Why it matters: Current employees who participated in the walkout were not shy about sharing their feelings toward Amazon, along with a former Amazon employee who spoke her mind, too.

Eliza Pan, the Amazon Employees for Climate Justice group founder, said that numerous “Amazonians feel in their gut that something is not right with the company,” she said. “And there are a lot of signs of this, such as a rigid, one-size-fits-all return-to-office mandate.”

Glasser, however, begs to differ and said things are looking up despite the obvious opposition.

He said that Amazon is “happy” with how the first month is going having people back in the office.

“There’s more energy, collaboration, and connections happening, and we’ve heard this from lots of employees and the businesses that surround our offices,” Glasser said.

The Seattle Times reported that Glasser talked about how Amazon knows it will be an adjustment to in-person work.

“There are a lot of teams at the company working hard to make this transition as smooth as possible for employees,” Glasser said in the article.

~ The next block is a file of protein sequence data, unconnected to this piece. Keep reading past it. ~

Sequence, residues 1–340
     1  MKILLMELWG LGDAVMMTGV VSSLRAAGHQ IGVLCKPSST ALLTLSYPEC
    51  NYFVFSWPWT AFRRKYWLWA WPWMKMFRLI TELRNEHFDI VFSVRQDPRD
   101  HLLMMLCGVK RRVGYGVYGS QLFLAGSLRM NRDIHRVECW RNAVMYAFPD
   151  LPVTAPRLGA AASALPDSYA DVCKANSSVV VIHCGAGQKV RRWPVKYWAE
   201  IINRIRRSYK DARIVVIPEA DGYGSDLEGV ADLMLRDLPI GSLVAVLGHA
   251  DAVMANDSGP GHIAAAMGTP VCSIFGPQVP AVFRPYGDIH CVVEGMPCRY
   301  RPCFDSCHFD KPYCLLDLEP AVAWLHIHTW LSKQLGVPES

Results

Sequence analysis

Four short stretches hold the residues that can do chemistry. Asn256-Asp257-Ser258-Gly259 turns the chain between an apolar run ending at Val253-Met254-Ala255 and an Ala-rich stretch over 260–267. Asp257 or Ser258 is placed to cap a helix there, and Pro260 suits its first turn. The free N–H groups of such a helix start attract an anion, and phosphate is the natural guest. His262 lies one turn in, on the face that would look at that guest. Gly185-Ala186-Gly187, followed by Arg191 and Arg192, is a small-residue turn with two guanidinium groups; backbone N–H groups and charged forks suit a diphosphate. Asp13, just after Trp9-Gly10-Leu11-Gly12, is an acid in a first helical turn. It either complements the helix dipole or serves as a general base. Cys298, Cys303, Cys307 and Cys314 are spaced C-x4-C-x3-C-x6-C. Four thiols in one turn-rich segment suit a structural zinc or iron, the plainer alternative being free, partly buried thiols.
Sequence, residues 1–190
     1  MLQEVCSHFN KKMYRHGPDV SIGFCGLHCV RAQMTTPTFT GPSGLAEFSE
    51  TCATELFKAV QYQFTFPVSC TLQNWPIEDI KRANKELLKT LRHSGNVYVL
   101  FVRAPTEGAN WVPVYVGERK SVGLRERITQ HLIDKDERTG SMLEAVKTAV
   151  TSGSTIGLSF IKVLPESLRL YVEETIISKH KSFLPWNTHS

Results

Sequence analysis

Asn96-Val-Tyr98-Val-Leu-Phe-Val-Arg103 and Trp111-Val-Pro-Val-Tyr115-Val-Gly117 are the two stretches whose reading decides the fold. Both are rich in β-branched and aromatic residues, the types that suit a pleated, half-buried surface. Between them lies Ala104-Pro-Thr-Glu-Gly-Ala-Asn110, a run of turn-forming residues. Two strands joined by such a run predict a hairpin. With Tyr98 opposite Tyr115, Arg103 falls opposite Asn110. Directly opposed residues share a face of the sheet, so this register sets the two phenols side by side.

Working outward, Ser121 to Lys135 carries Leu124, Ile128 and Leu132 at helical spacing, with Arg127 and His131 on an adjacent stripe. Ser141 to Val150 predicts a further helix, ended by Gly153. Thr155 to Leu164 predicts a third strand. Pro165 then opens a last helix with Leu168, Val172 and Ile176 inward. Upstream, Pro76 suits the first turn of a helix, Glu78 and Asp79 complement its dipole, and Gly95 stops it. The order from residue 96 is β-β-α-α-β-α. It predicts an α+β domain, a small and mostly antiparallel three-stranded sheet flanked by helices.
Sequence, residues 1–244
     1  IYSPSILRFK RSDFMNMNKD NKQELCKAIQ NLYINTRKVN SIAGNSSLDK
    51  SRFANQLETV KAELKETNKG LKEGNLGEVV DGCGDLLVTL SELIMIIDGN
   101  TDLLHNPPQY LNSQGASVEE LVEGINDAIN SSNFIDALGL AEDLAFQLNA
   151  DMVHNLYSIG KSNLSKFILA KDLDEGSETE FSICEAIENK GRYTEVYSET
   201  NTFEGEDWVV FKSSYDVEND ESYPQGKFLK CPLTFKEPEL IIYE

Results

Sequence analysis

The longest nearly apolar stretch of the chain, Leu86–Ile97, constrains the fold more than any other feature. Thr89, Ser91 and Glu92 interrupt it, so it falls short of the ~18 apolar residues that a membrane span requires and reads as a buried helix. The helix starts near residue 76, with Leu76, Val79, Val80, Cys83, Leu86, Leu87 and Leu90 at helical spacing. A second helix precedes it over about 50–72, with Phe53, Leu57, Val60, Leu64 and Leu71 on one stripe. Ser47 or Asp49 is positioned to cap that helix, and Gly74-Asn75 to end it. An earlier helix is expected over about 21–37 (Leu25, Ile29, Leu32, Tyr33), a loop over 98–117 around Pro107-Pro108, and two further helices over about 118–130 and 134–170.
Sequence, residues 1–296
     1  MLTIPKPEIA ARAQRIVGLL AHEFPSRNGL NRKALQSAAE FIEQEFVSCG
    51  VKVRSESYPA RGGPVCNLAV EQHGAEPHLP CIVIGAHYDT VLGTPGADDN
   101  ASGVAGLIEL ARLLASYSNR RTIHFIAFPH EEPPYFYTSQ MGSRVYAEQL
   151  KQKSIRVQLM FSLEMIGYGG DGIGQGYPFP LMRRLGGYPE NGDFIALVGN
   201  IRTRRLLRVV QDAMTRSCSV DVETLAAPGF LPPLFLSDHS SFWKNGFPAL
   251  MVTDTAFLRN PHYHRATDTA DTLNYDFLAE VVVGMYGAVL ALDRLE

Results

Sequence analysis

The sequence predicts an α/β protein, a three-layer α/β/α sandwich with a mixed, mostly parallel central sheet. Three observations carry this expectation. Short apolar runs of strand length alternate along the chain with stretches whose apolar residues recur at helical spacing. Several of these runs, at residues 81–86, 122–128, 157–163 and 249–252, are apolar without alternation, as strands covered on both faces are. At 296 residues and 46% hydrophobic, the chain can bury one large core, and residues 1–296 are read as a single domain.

Is that enough?

Glasser’s statement is still a bit tone deaf with the situation at hand because the employees who staged the walkout are clearly not content. Still, Amazon is still signaling that it’s not ready to back down on this issue. Keeping clear, consistent communications that are aligned with your values is key, even in the face of opposition.

Glasser also talked about how the company is working diligently to get to net carbon zero status by 2040.

“While we all would like to get there tomorrow, for companies like ours who consume a lot of power, and have very substantial transportation, packaging, and physical building assets, it’ll take time to accomplish,” he said.